Urban tree planning

June 2021 holds the unpleasant record as the hottest June in the history of Phoenix. According to the National Weather Service, the average temperature through the month was 95.3 degrees Fahrenheit, beating out the record of 94.8 F, set in 2013 and 2016. 

Opinions differ on why our temperatures are hotter than ever. One thing we do agree on: it’s hot out there for a good chunk of the year. Solutions to mitigate the heat and its dangerous effects are in the works. One positive solution in progress is the creation of healthier urban forests. 

“An urban forest is a collection of woody vegetation in an urban environment,” said Nicole Rodriguez, a certified arborist and community advocate who serves on the Urban Heat Island and Tree and Shade Subcommittee for the City of Phoenix. “While urban forests are infrastructure, they’re a public health infrastructure that is necessary to combat urban heat island issues and make Phoenix a more livable city.” 

The concept behind healthy urban forests is simple. Freeways, cars, buildings, and roads, the tangible, modern items that make our city a city, radiate heat, and that heat creates an urban heat island. Urban forests, which are most often comprised of a collection of connected trees (as in natural forests), band together and provide shade, helping lower temperatures. While shrubs are also beneficial, a cluster of trees offers more shade. 

“What makes a healthy urban forest is when there is connectivity among trees through public parks, homeowners and businesses having trees on their property and trees on our right-of-ways along the roadway,” Rodriguez said. “When all these trees are connected, they help one another out by being more viable.” 

In addition to reducing extreme heat and keeping the area cooler, healthy and viable trees in urban forests also help maintain soil moisture content. For landscapes, that translates to a reduction in municipal water use for watering purposes, improving the community’s environmental impact. In the same way houseplants help clean residential air, urban forests help remove pollutants from the environment.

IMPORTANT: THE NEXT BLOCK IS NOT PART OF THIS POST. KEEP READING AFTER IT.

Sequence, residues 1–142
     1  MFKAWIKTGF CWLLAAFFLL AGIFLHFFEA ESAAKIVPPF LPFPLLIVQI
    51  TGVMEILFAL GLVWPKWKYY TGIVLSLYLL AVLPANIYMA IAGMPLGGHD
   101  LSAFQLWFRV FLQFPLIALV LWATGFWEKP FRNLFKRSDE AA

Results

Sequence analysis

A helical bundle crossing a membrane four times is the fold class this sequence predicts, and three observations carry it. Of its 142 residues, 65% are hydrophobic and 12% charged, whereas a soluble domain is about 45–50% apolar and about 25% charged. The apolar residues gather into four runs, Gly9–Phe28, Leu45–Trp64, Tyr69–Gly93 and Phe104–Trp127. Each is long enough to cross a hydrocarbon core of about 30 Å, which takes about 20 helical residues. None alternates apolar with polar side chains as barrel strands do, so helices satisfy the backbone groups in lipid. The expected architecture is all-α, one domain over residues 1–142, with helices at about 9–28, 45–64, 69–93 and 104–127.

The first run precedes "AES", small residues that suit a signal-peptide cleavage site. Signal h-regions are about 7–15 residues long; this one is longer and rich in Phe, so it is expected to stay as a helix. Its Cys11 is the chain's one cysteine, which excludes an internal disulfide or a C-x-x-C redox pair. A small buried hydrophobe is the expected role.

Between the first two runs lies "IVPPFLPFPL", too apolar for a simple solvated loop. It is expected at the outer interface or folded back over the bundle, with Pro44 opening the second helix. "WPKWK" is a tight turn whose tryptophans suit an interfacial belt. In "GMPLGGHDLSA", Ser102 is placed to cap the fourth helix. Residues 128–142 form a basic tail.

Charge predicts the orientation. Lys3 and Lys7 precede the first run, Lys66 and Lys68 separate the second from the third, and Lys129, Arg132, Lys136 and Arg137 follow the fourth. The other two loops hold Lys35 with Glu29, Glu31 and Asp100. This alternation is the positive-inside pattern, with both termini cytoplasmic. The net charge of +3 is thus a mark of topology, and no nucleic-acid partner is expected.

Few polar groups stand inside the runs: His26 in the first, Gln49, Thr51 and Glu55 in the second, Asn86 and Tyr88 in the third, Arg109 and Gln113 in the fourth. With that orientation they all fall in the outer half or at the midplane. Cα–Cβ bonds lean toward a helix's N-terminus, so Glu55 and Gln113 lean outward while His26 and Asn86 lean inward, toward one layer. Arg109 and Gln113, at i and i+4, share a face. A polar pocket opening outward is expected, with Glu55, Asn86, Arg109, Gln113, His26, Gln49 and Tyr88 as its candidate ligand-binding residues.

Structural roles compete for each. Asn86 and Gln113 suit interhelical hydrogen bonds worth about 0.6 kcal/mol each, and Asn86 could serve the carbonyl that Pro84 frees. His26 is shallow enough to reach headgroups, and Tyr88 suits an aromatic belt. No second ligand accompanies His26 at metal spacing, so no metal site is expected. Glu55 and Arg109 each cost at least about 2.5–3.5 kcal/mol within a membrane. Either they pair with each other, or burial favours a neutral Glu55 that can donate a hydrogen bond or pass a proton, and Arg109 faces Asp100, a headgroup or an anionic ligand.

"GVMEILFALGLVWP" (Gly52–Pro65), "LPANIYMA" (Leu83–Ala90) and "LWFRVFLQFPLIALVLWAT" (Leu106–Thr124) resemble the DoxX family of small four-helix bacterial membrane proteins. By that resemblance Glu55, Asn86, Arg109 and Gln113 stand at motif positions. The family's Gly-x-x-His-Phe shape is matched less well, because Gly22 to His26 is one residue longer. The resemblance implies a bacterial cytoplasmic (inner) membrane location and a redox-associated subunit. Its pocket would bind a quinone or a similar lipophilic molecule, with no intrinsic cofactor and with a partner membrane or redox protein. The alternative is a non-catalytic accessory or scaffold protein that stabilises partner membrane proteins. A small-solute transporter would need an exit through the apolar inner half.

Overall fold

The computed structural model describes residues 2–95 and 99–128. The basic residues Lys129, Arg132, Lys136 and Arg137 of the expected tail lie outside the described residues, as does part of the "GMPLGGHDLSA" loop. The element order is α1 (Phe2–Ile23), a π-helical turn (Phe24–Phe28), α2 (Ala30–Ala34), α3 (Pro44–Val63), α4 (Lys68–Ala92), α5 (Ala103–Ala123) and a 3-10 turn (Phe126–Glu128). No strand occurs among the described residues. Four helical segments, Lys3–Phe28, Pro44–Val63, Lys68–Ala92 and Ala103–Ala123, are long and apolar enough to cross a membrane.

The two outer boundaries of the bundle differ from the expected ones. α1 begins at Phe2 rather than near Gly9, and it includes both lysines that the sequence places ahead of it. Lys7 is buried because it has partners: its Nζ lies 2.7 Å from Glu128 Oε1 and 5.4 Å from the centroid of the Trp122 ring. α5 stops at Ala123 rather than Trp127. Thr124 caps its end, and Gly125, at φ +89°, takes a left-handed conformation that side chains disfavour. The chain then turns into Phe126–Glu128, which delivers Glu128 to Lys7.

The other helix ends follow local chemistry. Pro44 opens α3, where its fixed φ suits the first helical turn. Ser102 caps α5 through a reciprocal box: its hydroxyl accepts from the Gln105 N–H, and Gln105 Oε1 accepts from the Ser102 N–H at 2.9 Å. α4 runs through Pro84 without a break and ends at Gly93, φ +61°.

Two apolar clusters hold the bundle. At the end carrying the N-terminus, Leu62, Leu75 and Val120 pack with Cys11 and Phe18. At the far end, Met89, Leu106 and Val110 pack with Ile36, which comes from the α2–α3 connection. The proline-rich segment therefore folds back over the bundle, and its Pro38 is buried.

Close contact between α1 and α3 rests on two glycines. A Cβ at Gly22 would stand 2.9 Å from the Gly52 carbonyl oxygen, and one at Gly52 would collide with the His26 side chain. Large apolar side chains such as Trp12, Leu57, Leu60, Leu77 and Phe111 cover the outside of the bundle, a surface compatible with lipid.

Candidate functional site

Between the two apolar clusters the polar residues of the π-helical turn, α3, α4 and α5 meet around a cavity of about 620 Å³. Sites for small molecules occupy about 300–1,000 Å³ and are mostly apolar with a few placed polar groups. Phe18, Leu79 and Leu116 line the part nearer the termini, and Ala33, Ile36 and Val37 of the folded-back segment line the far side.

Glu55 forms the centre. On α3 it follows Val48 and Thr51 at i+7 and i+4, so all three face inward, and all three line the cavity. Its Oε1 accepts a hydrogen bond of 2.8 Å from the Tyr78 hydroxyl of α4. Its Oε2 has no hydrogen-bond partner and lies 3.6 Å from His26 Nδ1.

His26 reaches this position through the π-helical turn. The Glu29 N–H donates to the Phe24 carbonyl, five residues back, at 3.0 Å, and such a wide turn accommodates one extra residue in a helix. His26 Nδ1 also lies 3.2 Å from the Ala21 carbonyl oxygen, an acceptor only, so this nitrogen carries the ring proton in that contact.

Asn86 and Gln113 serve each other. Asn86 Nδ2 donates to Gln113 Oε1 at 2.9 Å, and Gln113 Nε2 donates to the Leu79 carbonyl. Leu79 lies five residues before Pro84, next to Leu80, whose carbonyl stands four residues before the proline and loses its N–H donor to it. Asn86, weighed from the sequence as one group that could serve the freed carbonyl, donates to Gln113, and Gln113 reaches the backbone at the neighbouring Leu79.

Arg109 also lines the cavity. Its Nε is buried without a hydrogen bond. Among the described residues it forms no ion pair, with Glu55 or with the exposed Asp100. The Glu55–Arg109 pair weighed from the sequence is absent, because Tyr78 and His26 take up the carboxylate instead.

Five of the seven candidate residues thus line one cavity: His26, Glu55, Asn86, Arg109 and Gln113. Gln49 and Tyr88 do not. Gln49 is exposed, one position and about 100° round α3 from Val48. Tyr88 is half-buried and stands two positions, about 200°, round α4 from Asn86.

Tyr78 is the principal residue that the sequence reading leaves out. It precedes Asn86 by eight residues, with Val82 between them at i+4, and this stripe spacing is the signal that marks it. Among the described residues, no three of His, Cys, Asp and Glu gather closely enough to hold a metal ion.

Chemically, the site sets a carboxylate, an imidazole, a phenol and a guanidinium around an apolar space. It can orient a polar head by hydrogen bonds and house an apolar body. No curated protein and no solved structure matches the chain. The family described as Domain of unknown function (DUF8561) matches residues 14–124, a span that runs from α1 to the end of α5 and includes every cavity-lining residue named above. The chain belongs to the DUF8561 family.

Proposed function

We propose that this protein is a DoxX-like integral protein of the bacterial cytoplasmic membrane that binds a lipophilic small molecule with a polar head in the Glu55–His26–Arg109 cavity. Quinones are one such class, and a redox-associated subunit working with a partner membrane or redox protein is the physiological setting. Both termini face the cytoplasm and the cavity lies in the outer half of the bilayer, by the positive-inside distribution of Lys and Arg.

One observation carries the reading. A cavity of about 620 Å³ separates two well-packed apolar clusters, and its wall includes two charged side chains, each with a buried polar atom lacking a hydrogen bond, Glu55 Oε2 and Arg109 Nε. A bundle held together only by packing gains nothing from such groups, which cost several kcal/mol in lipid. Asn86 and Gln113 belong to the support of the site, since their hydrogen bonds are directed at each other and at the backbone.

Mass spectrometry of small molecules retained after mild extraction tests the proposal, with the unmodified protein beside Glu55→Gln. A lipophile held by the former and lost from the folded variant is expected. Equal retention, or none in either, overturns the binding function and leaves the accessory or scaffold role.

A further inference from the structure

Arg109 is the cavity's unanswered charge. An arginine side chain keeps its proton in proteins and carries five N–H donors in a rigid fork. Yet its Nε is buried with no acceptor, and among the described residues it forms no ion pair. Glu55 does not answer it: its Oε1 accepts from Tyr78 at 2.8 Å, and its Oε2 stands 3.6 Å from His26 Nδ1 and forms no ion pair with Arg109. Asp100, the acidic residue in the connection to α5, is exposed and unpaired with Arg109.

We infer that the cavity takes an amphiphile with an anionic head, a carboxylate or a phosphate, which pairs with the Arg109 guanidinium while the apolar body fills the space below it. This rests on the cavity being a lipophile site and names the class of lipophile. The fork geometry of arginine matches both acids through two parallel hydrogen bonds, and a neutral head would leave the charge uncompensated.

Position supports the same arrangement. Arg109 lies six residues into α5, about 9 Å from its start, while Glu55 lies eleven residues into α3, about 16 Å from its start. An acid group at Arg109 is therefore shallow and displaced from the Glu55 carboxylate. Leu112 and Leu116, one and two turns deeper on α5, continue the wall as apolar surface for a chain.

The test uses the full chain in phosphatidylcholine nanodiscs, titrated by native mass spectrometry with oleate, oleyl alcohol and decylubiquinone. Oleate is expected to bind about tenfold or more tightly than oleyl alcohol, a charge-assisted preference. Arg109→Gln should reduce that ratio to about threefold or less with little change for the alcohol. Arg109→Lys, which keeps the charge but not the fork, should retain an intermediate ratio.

While people may not think that forests and deserts go together, Rodriguez promises they can be quite compatible. 

“Our surrounding desert is a natural environment,” Rodriguez said, “while nothing about our city is natural. So, for Phoenix to be a healthy, comfortable place to live, we must implement ideas like urban forests. You can have an urban forest in a desert environment when you use desert-adapted trees.” 

She further explained that “desert-adapted” doesn’t necessarily mean native trees. Trees can be sourced from anywhere in the world that has a similar dry climate. Phoenix has a diverse group of trees to choose from. Rodriguez suggests using appropriate trees from areas in China and Australia. Selecting varieties that won’t disturb urban fixtures, like sidewalks, is another necessary consideration. 

In 2010, Phoenix enacted the Tree and Shade Masterplan to increase the urban forest tree canopy to 25 percent city coverage by 2030. Unfortunately, the city is nowhere near meeting that goal. A 2014 study (the last study taken on the subject) estimated coverage at only nine percent. 

“We’re trying our best to keep Phoenix on track with those goals that are stipulated in the Tree and Shade Masterplan of 2010,” Rodriguez said. “We’re putting a lot of energy and focus into this to get it done and to make Phoenix a more habitable city now and for future generations.”

In 2018, a study was conducted in Arcadia to develop a design concept for implementing bicycle and pedestrian safety improvements on 56th St. from Thomas to Camelback Road, encompassing about 1.5 miles.

The project introduced various changes to the area, including bicycle and pedestrian gaps along the corridor, fixing utility and storm drainage issues, and opportunities for green infrastructure and enhanced landscape features. The proposal also promoted safe routes to school connections.

According to Arcadia Camelback Mountain Neighborhood Association President Tristahn Schaub, the latest update was early this summer. The city of Phoenix has accepted DOT funds for the project, and Schaub said that the funds must be used by 2024.

“My concern is that to get moving, the project would require a year’s worth of infrastructure plans and some additional community meetings, and COVID has stalled a lot of that,” Schaub said. 

The City of Phoenix website states that plans to start designing the project will happen in fall 2021.